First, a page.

Monday, 17 December 2012

Harald And Maria

At the beginning of Chapter XIII of Poul Anderson's The Golden Horn (New York, 1980), Harald has left Constantinople and returned to Russia from where he intends to claim Norway. It is 1044 so he is now twenty nine. There are still twenty two years, and most of the Trilogy, left until Stamford Bridge...

When escaping arrest and imprisonment in Constantinople, he had had to leave behind, never to see again, his fiancee, Maria, because her parents and brothers would have been killed if it were known that she had fled with him. Instead, he will make a suitable marriage alliance back in the North.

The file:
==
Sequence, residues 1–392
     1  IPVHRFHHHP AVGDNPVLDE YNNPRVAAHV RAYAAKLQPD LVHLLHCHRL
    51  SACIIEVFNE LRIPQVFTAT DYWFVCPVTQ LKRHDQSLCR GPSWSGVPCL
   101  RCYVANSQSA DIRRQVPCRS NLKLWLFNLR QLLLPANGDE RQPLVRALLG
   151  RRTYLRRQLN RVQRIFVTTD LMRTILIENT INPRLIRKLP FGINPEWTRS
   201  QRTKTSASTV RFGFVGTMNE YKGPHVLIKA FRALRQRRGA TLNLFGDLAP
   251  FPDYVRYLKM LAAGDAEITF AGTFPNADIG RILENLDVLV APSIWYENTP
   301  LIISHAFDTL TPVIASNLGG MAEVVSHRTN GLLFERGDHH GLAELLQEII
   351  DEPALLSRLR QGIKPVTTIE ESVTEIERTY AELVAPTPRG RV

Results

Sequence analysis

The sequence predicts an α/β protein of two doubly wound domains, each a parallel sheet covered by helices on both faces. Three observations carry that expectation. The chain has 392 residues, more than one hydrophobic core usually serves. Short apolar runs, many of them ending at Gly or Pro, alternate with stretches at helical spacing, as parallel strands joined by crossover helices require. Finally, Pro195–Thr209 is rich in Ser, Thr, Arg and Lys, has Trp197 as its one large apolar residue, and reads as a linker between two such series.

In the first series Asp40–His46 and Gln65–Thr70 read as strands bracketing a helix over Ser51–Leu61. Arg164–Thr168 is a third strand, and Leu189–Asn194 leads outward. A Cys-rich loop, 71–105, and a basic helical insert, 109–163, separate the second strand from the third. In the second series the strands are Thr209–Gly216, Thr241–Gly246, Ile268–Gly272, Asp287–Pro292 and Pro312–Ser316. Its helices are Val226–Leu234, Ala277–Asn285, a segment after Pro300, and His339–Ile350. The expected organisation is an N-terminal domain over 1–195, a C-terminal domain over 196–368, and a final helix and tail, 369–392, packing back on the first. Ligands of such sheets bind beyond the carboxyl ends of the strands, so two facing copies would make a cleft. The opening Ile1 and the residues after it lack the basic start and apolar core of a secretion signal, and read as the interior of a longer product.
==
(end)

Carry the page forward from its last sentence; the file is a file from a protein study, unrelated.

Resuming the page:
Could he not have rescued Maria's entire family? In theory, yes, although this would have presented a more difficult practical problem. However, the main difficulty is that Anderson is writing historical fiction and King Harald Hardrada did not have a wife called Maria. Snorri Sturluson is the source for the story of Maria which may or may not be true but makes a powerful love story in Anderson's novel. Harald has started to escape with Maria but she persuades him that she must stay...

I cannot help thinking that they could have arranged to smuggle her whole family out later but that did not happen in history.

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